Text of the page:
I would like to congratulate the Pittsburgh Pirates on their sensational comeback victory over the Orioles, and I also would like to congratulate you for looking into your crystal ball and coming up with the article Pitt, the City Where They Hit in your April 9 Baseball Issue. The '79 Pirates didn't let that tradition down. Dave Parker said it all when he raised his index finger in the air on the cover of the Baseball Issue.
In your 1971 major league preview (April 17, 1971) you called the Baltimore Orioles "the best damn team in baseball." The Pirates beat them in the World Series. In this summer's Silver Anniversary Issue (Aug. 13) you moderated your stance and only called the Orioles "the best team in baseball." Again, Pittsburgh beat Baltimore in the Series. The next time you declare the Orioles the best, I shall take a second mortgage and bet the bundle on the Bucs.
Spring Valley, N.Y.
ANOTHER VOTE FOR DRYDEN
Ken Dryden's review of hockey's evolution in recent years is the most accurate account I have seen (A Game in Search of Some Contests, Oct. 8). Many athletes wish to put "something back" into the game that has done much for them. Dryden has done this with a sincere and honest insight into a great game in need of a transfusion. The NHL should monitor "Dr." Dryden's diagnosis for future cure. Better yet, the NHL should retain Dryden as its resident "physician."
University of Denver
I enjoyed the Homecoming articles in your Oct. 22 issue. I happened to be visiting the Brothers of Holy Cross at Columba Hall on the Notre Dame campus that weekend. Ray Kennedy captured perfectly the entire weekend—Friday pep rally to Sunday mass. What a pleasure to read four such entertaining and nostalgic stories.
THOMAS J. DEWITT
Rocky River, Ohio
I thoroughly enjoyed the Homecoming stories and I'm glad I read them in the order I chose: Fimrite, Underwood, Deford, Kennedy. To have finished with Deford's depressing account would have dulled my appreciation for the whole—like grounds in the last sip of a good cup of coffee.
It's too bad that the snobbery that the Big Three pass off as literate gentility is allowed to dampen the many worthwhile aspects of intercollegiate athletics. I need only look down the road to Stanford University for evidence that the Ivy League notion that arts and letters are incompatible with competitive football at the highest level is an idle one. Come on. Harvard, Yale and Princeton, I'll stack Stanford's schools of law, medicine, engineering, humanities, etc. against yours any day, and throw in a bowl game to boot!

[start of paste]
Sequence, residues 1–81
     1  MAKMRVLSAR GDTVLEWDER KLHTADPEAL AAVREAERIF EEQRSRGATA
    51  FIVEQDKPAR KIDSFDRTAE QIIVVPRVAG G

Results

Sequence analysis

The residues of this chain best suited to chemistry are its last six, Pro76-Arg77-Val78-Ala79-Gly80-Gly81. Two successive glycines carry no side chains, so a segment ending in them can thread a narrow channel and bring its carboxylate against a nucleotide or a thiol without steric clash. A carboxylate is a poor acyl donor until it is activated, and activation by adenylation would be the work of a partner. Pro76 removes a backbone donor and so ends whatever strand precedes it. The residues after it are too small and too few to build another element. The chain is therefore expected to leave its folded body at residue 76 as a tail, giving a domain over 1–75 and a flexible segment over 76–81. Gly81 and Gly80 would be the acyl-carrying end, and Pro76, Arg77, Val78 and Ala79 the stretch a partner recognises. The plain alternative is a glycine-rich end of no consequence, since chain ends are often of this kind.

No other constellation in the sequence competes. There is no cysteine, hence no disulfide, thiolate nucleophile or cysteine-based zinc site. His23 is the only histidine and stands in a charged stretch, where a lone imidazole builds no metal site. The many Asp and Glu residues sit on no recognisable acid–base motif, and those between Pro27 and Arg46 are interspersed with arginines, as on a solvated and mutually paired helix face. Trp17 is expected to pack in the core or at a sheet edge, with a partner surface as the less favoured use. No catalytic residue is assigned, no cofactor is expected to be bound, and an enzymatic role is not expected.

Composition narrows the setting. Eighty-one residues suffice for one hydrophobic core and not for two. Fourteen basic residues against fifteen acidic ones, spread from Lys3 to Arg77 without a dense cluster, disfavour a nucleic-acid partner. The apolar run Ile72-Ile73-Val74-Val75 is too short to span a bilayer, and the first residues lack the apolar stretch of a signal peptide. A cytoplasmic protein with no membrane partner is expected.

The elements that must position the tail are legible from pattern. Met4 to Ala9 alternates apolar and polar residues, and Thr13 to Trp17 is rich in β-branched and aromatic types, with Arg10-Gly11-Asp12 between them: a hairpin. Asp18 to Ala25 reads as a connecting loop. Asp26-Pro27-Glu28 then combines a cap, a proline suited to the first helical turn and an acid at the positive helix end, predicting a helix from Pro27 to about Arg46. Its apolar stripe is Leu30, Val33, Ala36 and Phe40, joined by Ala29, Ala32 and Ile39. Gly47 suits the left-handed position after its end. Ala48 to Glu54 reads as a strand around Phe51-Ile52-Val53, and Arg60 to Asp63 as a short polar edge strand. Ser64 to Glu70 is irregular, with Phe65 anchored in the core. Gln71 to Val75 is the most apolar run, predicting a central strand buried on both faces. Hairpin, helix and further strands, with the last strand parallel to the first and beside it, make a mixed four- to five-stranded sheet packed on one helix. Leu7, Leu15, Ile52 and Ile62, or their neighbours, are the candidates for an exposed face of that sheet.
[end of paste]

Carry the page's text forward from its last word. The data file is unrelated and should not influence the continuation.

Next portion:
Although I enjoyed parts of Frank Deford's homecoming—what Princeton graduate wouldn't?—he ultimately failed to convince me that he had come away from my alma mater with any "smarts." If he had graduated with an ounce of intelligence to compensate for the pounds of sarcastic but unfortunately sexist humor, he would have realized that Princeton football "has gone all to hell" not because "they let girls in the school," but because, after letting them in, they didn't let them play!
Ps AND Qs
In the 19TH HOLE section of your Oct. 22 issue, a reader suggests that Jack Quinn, who pitched for New York and Cincinnati, among other teams, holds the record for most home runs hit by a player whose name begins with the letter Q. We looked up Jack Quinn in The Official Encyclopedia of Baseball. All of the facts were correct, he did pitch for the New York team and the Cincinnati team, he did hit eight home runs in his career. But although he played under the name of John Picus Quinn, his real name turned out to be John Quinn Picus. So it appears that Jamie Quirk can relax, still holding the record for most homers hit by a person whose real name begins with Q.
I believe I may have found the true leader of the Qs. Neither Jack Quinn nor Jamie Quirk has the distinction of being the alltime home-run hitter whose last name begins with Q. Joseph J. Quinn hit a grand total of 30 homers from 1884 to 1901. He may also hold the record for most times changing teams by a "Q" person. He started with St. Louis of the Union Association, then followed with St. Louis of the National League, Boston of the NL, Boston of the Players League, Boston of the NL, St. Louis of the NL, Baltimore of the NL, St. Louis of the NL, Cleveland of the NL, St. Louis of the NL, Cincinnati of the NL and Washington of the American League. He was player/manager for St. Louis in 1895 and Cleveland in 1899. Amazingly, the Cleveland team he managed for 116 games in 1899 finished 84 games out of first with a record of 20-134! And people thought Casey's Mets had a rough time.
DOUGLAS A. COUSER
Patrick AFB, Fla.
Your SCORECARD item (Oct. 22) omitted one other Ferguson: Tom. He has won the world championship in calf roping (1974) and in steer wrestling (1977 and '78), and he has won or shared the past five world all-around titles (1974-78). His total career earnings now stand at $523,734 in the Professional Rodeo Cowboys Association.